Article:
We settled back into our chairs and fell asleep.  I woke up to scratching at the front door. I checked my watch and it was 2:30AM. The rain had all but stopped.  My first thought was not to go to the door since I was still unnerved about the loud cracks up in the attic.  "It might be Mister and Shooter, David!!!" my happy brother shouted.  I opened the door slowly to see two of the wettest dogs I had ever seen.  I didn't recognize them at first.  Neither did Ben.  In fact, they didn't look like the two dogs we had grown so fond of and had loved for so long.  Both dogs.....had turned a visible shade of white.  Both dogs were shaking as if they had seen something that was unimaginable, something far beyond what they could comprehend.  It wasn't a coon, bobcat or one of the rare Alabama black bears.  They would have had at least a few scratches if they had met up with one of those predators.  No, these two dogs were greatly frightened by something.  Shooter was whining almost uncontrollably.  Mister seemed to be in a daze, but he trembled even more than Shooter.  We tried giving them something to eat.  But, they refused.  Neither wanted to lay down or even move.  It was now about 3AM.  I needed to get Ben and myself home.  I knew our parents were already upset with us.  But, these dogs didn't seem to want to leave the house.  I can't say I blamed them at all.  But, we had to go.  It took some encouragement, but we managed to get them out of the house and to walking.  I put out the fire in the fireplace before we left.  Smoke was pouring out of the chimney as I looked at the roof.  I hoped Mr. and Mrs Milsap would not mind us using their house as safe shelter from the terrible rainstorm.  But, I have a feeling, if they could speak, they would have been upset about it. The fact that I jimmied their front door open probably would not have made them happy either.  I closed it behind me and off into the darkness Ben and I went.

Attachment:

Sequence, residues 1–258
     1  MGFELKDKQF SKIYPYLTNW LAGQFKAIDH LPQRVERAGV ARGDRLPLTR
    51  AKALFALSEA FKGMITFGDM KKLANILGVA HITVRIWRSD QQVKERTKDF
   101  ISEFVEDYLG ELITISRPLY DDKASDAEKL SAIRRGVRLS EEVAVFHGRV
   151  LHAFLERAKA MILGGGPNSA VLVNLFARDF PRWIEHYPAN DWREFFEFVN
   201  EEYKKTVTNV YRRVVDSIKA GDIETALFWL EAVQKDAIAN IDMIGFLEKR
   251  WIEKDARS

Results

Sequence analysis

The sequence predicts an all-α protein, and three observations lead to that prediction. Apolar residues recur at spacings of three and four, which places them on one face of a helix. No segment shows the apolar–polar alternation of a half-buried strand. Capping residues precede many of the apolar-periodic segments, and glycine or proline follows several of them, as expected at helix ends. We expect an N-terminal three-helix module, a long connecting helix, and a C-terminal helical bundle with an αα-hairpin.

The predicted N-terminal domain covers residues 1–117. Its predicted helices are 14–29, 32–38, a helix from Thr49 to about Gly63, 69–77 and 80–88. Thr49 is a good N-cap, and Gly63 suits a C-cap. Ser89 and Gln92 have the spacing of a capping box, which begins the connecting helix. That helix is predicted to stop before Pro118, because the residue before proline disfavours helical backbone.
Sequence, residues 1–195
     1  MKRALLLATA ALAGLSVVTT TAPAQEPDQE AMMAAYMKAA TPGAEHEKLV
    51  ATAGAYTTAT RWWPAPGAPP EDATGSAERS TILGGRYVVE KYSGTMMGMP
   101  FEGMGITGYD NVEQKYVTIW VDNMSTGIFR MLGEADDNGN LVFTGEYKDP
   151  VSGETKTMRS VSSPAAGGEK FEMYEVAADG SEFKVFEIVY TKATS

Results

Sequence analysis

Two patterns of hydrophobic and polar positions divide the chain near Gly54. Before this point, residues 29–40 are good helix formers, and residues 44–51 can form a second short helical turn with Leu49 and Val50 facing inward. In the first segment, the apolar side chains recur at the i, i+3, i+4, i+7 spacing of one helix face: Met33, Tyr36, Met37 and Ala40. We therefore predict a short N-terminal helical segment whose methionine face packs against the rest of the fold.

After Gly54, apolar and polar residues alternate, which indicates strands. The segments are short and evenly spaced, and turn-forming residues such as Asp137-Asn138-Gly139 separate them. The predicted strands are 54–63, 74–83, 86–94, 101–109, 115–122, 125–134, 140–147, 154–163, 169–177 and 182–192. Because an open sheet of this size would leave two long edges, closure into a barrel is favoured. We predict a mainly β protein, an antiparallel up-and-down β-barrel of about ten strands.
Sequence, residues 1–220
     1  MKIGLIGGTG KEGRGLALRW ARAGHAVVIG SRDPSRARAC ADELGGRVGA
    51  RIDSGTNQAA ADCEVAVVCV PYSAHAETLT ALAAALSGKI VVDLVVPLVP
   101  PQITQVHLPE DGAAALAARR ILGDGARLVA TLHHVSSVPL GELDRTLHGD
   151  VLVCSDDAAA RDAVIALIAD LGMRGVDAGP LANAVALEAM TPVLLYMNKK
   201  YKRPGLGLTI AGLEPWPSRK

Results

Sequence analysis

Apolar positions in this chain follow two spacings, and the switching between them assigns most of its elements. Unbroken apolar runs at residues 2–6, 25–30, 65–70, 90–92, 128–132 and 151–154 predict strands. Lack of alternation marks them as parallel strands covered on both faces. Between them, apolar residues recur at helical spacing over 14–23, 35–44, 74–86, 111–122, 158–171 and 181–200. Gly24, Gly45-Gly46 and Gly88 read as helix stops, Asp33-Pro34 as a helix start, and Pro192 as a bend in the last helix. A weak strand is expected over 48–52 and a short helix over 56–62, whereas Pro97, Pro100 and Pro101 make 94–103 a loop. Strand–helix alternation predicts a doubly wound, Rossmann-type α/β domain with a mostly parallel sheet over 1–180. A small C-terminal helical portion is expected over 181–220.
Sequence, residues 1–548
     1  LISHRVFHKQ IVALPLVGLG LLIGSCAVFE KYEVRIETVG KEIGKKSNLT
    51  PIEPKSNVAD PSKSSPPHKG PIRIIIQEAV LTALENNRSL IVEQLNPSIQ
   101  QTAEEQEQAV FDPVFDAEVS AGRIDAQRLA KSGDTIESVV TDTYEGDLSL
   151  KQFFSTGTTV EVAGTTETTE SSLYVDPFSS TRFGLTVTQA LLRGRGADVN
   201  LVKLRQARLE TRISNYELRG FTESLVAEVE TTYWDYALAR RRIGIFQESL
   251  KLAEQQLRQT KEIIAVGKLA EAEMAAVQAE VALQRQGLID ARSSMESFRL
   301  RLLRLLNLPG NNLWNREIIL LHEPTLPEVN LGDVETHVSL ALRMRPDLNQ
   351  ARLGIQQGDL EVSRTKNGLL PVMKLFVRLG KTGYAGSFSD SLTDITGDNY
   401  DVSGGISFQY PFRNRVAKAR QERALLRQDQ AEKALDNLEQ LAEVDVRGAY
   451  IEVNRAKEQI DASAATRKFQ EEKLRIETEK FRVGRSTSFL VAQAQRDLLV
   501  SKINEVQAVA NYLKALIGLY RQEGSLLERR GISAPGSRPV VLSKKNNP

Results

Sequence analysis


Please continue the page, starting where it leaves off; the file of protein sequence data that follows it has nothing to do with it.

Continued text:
We both made it back home about 5:30AM, enough time to shower, get dressed and eat breakfast before Sunday School.  Mom told me not to expect to go coon hunting anytime soon.  My dad wasn't happy with us.  But, he didn't say anything.  As for what happened that night in the Milsap's House, I guess I'll never know.  Maybe it was heat rising from the fireplace that caused some old boards in the attic to pop.  At least, I want to believe that.  Deep down, I think it had to be something much more.  Those cracking sounds were far too loud for it to be board settling due to heat from the fireplace.  I'll just leave that right there for you to ponder.  As for our dogs, my dad asked us about what happened to the dogs that could have caused that color change. I told him I had no idea.  That was the truth.  Shooter kept his white shade until he just up and disappeared about four months later.  He had stayed sickly after that night, eating just enough to stay alive.  I guess Shooter just wanted to go somewhere to die. As for Mister, my beagle, he gradually got his natural black and tan color back.  Even Mister stayed on edge for the rest of his life.  He never would go off into the woods with us again, no matter how much we tried to tempt him with sausage or his favorite ham bones from the butcher.  Mister wasn't the same dog any longer.  He even snapped at me once a few days after that coon hunting night that caused him and us so much trouble. He had never done that before.  Mister died about two years later as his health slowly deteriorated.  I'll always believe it was due to whatever Mister and Shooter saw that night we went coon hunting.  My brother and I eventually went coon hunting again.  But, it was never near, nowhere near the old abandoned house in the woods known as the Milsap House.